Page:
“We will look for ways next year,” to secure baby Jesus, he said, “but we don’t want to chain him in.”
Either way, said Smith, “it’s not going to sour our love of the community or our mission.”
Photo via Facebook
As in previous years, Arlington County will be conducting its curbside Christmas tree collection during the first two full weeks of January. In 2016, the collection will run from Monday, Jan. 4 to Friday, Jan. 15.
“Residents are reminded to place the tree on the curb no later than 6 a.m. on your regular trash collection day and to remove all decorations, nails, stands and plastic bags,” the county said on its website. “The trees are later ground into wood mulch for garden use.”
Those who live in condos or other places without residential curbside trash collection can opt to schlep their trees Arlington’s Solid Waste Bureau near Shirlington for recycling. Residents are asked to call 703-228-6570 to make an appointment to drop off a tree there. Proof of Arlington residence is required.
Where ever you are, and whatever you’re doing on the holiday, we encourage you — at least for a day — to put aside the frustrations of the world and treat your fellow humans with uncommon patience and empathy.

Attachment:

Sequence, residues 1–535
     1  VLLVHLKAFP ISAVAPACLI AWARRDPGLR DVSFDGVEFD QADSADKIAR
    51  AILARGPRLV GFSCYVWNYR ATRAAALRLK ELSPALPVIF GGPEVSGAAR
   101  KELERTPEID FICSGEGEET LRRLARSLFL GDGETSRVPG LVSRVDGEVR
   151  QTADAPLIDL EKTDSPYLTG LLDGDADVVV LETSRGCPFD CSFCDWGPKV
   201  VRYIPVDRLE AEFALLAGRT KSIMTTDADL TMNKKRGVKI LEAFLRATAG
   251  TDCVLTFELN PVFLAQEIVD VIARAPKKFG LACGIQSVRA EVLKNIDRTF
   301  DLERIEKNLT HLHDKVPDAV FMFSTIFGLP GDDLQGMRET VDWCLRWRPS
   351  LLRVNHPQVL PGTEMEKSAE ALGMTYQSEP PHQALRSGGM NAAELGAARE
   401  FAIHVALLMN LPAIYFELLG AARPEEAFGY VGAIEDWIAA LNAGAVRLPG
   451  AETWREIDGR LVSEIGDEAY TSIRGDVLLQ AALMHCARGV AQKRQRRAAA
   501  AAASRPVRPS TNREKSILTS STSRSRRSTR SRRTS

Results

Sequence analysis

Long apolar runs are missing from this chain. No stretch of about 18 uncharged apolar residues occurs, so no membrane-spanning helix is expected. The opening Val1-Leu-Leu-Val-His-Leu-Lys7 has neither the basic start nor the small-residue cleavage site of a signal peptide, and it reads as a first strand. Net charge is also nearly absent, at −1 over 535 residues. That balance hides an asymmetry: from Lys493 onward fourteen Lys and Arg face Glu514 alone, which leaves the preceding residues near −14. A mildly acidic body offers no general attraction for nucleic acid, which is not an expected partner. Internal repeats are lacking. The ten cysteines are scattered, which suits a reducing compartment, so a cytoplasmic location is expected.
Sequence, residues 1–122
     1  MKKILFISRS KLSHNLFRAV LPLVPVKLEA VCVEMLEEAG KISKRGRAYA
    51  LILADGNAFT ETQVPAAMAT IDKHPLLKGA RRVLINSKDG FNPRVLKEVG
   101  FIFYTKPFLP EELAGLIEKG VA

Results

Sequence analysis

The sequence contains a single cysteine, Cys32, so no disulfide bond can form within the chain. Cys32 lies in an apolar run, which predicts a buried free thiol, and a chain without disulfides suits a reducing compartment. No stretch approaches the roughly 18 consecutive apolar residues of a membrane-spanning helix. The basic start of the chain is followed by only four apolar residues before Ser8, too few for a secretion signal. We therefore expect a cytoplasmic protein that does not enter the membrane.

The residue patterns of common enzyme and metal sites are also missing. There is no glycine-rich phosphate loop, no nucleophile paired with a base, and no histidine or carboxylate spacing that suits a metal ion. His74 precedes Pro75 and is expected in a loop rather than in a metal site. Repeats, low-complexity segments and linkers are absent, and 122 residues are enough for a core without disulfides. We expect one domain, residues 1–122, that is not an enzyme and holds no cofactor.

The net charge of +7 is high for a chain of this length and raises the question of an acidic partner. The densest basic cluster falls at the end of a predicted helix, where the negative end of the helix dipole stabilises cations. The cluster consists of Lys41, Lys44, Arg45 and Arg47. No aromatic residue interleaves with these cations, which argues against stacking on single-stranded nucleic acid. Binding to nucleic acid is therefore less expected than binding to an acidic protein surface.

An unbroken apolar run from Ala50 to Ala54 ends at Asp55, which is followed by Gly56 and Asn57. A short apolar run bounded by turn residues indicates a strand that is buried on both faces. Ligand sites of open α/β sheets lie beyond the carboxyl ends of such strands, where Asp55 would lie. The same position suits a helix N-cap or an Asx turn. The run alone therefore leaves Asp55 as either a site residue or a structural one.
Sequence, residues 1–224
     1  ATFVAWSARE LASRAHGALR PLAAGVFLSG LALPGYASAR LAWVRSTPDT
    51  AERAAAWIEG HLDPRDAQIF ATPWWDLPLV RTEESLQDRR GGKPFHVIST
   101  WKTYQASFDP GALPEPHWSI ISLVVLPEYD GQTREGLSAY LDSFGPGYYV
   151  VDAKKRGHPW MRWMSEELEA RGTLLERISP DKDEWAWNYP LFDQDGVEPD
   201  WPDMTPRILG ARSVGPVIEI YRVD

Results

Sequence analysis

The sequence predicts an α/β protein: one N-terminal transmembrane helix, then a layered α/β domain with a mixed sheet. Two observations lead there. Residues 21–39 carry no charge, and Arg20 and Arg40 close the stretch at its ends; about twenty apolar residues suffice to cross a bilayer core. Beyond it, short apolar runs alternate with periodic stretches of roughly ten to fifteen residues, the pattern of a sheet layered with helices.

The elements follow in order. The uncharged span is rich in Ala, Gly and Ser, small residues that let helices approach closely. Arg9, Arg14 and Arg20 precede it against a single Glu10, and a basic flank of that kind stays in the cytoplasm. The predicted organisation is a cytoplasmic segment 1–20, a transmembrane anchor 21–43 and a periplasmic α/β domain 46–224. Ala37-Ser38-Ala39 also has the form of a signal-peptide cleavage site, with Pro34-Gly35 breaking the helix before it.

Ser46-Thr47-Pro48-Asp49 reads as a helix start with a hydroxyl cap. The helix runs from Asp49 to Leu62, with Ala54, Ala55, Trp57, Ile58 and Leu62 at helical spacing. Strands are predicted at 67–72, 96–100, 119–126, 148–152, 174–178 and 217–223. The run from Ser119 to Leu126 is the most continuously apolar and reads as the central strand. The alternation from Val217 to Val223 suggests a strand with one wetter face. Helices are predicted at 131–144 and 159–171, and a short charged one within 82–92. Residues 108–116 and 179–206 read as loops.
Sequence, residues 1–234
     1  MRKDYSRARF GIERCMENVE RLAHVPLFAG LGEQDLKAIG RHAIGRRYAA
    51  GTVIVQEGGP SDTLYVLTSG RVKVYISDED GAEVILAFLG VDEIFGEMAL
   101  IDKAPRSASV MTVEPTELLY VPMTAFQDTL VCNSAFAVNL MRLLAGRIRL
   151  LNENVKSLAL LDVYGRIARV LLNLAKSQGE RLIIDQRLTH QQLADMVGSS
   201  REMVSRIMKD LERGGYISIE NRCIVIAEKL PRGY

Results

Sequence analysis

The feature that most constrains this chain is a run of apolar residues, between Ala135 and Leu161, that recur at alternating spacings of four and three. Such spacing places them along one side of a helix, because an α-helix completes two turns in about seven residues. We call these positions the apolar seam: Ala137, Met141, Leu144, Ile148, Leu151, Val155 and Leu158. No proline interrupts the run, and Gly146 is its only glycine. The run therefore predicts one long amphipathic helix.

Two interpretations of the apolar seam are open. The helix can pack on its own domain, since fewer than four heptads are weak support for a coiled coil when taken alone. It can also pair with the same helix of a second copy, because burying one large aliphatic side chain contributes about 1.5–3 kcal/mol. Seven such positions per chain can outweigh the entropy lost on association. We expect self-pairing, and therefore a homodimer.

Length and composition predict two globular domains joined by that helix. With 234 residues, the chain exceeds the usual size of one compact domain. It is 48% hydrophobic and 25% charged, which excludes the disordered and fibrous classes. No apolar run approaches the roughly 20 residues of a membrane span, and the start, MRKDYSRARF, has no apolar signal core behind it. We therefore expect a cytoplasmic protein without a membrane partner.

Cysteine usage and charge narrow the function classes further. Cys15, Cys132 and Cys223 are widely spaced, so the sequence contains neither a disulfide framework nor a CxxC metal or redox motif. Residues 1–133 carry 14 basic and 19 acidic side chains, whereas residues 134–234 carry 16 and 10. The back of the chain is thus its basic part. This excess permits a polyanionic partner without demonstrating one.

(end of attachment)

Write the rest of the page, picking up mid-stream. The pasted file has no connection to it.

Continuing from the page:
By the time Saturday rolls around, you’ll be reading the Rethink Energy column here. The “challenge” referenced in the column is actually not much of a challenge at all — it’s a couple easy things you can do to save energy and money next year. Not a bad New Year’s resolution.
Speaking of the New Year, if you haven’t picked out the bottle of bubbly you’ll be bringing to your friend’s party next week, head on over to Arrowine for their free champagne and wine tasting Sunday afternoon. It will be better received than the supermarket swill you drank in years past.
With that, feel free to use the comments section on this post as your weekend discussion forum. Patience and empathy to all — at least for 24 hours — and to all a good night!
The high temperature today and tomorrow is expected to hover around 70 degrees. In the meantime, cloud cover will make it hard to spot Santa tonight, and Ol’ Saint Nick might want to bring a rain jacket, with storms and flash flooding expected.
A white Christmas is fairly rare in Arlington, and this year is no exception. On any given year, Arlington has around an 11 percent historic probability of having snow on the ground on Dec. 25. Anecdotally, cool and dry seems to describe the most common Christmas Day here.
If it’s not going to be a white Christmas, would you prefer it to be warm like today, but also wet, or cool and dry, as usual?